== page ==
China’s imports tumble in September

<p>They dropped 20.4 per cent from a year earlier to $145.2 billion (£95.4 billion).</p>

China's imports fell more than analysts expected last month, fuelling fears about the health of the world's second largest economy. They dropped 20.4 per cent from a year earlier to $145.2 billion (£95.4 billion) due to lower commodity prices and weaker domestic demand, according to the Chinese authorities.

Asian shares dipped today (October 13th) after the release of the weak Chinese trade data. Although investors were expecting the country's imports to fall last month, they were taken by surprise by the larger-than-expected slide.

However, exports contracted less than expected. Chinese goods to foreign markets fell 3.7 per cent, up from August's 13.8 per cent contraction. "Exports in September look a little better than expectations," HSBC economist Ma Xiaoping told the Wall Street Journal, adding that year-end trade figures tend to pick up due to Christmas shipments. "But if you factor in seasonal factors, I don’t see much improvement in global demand," she added.

Japan's Nikkei 225 dipped 1.1 per cent to 18,234.74 and South Korea's Kospi edged down 0.1 per cent to 2,019.05. China's Shanghai composite index slid 0.1 per cent to 3,285.01, Hong Kong's Hang Seng index lost 0.4 per cent to 22,638.05 and Australia's S&P/ASX 200 fell 0.6 per cent to 5,202.90.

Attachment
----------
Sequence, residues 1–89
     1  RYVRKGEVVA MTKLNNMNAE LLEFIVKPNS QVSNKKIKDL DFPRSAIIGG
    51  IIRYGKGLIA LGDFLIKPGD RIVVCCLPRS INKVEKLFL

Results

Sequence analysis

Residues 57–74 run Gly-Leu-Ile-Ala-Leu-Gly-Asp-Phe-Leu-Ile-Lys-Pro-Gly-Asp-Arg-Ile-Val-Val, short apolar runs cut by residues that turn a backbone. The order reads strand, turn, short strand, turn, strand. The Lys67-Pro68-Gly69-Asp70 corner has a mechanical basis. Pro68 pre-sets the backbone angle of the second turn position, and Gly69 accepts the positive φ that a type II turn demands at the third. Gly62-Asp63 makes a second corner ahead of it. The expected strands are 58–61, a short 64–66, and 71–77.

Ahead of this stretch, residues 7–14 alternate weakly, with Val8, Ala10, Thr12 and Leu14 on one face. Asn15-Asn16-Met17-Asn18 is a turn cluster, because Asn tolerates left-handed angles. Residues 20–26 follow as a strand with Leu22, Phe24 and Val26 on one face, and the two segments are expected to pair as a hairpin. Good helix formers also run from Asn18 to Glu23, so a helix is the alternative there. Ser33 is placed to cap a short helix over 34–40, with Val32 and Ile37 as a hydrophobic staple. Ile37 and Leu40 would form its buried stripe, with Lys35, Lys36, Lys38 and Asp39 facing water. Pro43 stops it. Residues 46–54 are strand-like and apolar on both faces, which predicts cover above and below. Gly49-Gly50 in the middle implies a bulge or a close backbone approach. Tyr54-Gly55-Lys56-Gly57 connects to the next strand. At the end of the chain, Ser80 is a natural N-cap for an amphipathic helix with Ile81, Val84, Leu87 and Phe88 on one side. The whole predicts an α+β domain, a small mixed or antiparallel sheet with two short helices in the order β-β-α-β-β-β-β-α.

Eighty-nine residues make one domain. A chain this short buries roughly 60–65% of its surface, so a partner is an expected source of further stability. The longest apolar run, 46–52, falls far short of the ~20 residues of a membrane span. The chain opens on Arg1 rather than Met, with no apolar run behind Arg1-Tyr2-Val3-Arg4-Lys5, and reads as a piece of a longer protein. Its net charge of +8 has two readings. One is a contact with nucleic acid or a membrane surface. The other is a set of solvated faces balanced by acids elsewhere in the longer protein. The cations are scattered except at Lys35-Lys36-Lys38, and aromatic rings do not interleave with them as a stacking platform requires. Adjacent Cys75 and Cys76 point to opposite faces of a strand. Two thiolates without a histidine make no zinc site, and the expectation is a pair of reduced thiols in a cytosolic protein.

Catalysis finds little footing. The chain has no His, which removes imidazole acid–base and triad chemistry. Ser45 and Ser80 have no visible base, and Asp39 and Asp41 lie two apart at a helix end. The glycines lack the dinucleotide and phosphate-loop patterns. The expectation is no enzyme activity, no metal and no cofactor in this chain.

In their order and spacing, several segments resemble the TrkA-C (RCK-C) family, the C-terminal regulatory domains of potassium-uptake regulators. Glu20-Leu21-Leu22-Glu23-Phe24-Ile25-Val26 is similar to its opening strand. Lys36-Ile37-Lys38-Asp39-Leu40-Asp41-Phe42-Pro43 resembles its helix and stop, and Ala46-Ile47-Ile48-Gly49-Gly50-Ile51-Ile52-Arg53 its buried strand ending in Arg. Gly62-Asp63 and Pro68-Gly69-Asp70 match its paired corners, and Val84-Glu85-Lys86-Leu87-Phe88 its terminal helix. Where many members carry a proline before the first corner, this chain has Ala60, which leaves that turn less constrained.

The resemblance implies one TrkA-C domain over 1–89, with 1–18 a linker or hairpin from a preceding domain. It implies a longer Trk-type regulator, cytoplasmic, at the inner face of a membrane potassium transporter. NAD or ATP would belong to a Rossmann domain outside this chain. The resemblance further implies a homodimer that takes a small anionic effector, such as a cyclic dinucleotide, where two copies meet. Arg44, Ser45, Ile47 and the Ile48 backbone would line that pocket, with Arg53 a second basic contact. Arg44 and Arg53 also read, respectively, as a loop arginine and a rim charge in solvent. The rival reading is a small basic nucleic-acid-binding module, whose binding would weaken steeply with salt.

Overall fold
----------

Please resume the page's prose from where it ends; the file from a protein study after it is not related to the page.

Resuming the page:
China's transition

Investors are also looking ahead to third-quarter growth rate data due to be released next week, which is expected to be lower than the seven per cent annual pace seen in Q2.

The country has recently revised down its growth rate for 2014 to its weakest pace in a quarter of a century, from 7.4 per cent to 7.3 per cent.

Last week, the International Monetary Fund issued a warning in a new report about China's transition and the impact this could have on global growth.

The institution said that China is transitioning from an exporting nation to an economy based more on services and spending by Chinese consumers. This leads to slower growth in Chinese demand for commodities, especially energy and industrial raw materials. 

The World Bank also announced last week it has revised down its growth forecast for China for 2015 and 2016. It now expects growth in the country to be 6.9 per cent this year and 6.7 per cent next year, down from an earlier forecast of 7.1 per cent and seven per cent respectively.

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